Devan Dubnyk vs. Karri Ramo tonight at Xcel Energy Center as the Wild faces a hard-working, desperate Calgary team that was knocked into ninth last night thanks to the Kings winning at the Islanders.

I missed Flames coach Bob Hartley’s pregame media scrum, but apparently before announcing Ramo was starting, he announced to the media that he talked to Colorado coach Patrick Roy two days ago and the Hall of Fame goalie is still angry with me.


It was said in jest (Hartley’s one of the NHL’s funnier coaches), although I’ve got no doubt St. Patrick is still peeved at me. I’m fairly sure I got under Hartley’s skin a few times during those old Thrashers-Panthers rivalries, too.

I'll be on KFAN at 4:30 p.m. today.

Calgary’s Ramo has never played in Minnesota. In fact, he has only played 18 minutes against the Wild, stopping 6 of 6 shots in an eventual 4-3 overtime win by the Flames. Ramo started that game last year in Calgary, but he got hurt in the first period.

Tonight is Dubnyk’s 33rd consecutive start and 34th overall, tying Antti Niemi for the most consecutive starts in the NHL since 2010-11. When he inevitably starts tomorrow night against the Kings, it’ll be the most consecutive starts since Edmonton’s Dwayne Roloson started 36 in a row in 2009.

Dubnyk is 24-6-1 with the Wild with a 1.71 goals-against average and .938 save percentage. He is 33-11-3 this season between Minnesota and Arizona and ranks second in the NHL with a 2.07 goals-against average and second with a .930 save percentage. Montreal’s Carey Price is first in both categories.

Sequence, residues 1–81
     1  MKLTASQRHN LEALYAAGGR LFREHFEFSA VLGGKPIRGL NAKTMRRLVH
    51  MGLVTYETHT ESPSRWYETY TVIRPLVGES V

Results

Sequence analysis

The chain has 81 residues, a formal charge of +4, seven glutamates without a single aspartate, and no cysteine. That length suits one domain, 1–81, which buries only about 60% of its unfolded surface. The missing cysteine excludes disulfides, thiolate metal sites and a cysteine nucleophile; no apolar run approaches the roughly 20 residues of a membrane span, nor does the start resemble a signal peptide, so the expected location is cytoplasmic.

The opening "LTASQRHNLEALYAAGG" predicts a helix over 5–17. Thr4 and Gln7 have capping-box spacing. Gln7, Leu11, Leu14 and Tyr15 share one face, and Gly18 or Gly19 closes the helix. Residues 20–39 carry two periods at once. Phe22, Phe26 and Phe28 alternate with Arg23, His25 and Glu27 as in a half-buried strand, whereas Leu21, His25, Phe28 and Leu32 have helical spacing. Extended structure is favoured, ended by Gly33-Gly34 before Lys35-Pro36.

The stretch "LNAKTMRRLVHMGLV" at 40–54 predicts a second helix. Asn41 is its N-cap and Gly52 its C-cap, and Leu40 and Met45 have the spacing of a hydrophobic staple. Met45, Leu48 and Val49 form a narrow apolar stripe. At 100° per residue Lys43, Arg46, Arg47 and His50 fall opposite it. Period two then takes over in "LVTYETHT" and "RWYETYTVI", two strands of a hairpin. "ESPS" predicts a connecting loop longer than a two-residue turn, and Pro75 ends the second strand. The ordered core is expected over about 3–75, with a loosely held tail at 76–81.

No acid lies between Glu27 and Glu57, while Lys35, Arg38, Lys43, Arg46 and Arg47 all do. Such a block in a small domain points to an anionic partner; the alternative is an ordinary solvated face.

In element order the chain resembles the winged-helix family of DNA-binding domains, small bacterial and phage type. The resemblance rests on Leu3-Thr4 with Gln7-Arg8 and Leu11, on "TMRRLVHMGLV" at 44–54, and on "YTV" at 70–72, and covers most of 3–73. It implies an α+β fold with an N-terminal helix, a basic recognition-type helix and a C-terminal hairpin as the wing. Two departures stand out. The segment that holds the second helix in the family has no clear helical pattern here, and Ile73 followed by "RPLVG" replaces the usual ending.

Same Wild lineup tonight, meaning Kyle Brodziak is out with an upper-body injury and both Sean Bergenheim and Jordan Schroeder will play.

Ryan Carter will wait until at least tomorrow’s Kings game. Yeo said he didn’t want to take out anybody and he wasn’t keen on Carter playing back-to-back games after being sidelined since Feb. 9.

Rare back-to-back home games for the Wild. This is the sixth time this has occurred in Wild history. The Wild is 6-2-2 in home back-to-back games and this season is 6-5 on the front end of back-to-backs and 5-2-4 on the second half of back-to-backs.

It’s an oddity. The Kings’ equipment bags are already in the arena and the Kings’ coaching staff is credentialed for tonight’s game. I plan to put Darryl Sutter to work, like spotting for me in the third period and running some quotes. I may make him even transcribe.

Nate Prosser skated for a second day in a row before practice and is progressing.

Jason Zucker continues to skate and “still not even close to being cleared for contact,” coach Mike Yeo.

I asked Yeo point-blank if Zucker’s not allowed to return until that original three-month timetable, and Yeo said, “I believe so.” I hate to tell you, but 12 weeks from surgery is May 7.

We’ll see if medically that much be abided by. Zucker skated again today, and afterward, reunited on the Flames bench with former DU teammate Drew Shore, who’s playing tonight.

Round 2 of Mikael Granlund vs. Markus Granlund tonight.

Last year in a 3-2 Wild win in St. Paul (the arena Markus was drafted in by the Flames), Mikael had two assists and Markus one.

They’re a year apart and Mikael Granlund said his kid brother was his “first buddy to play hockey with.”

He said of last year’s meeting, “It was kind of exciting and kind of weird. I never played against him in professional games. It was fun and a big thing for my parents.”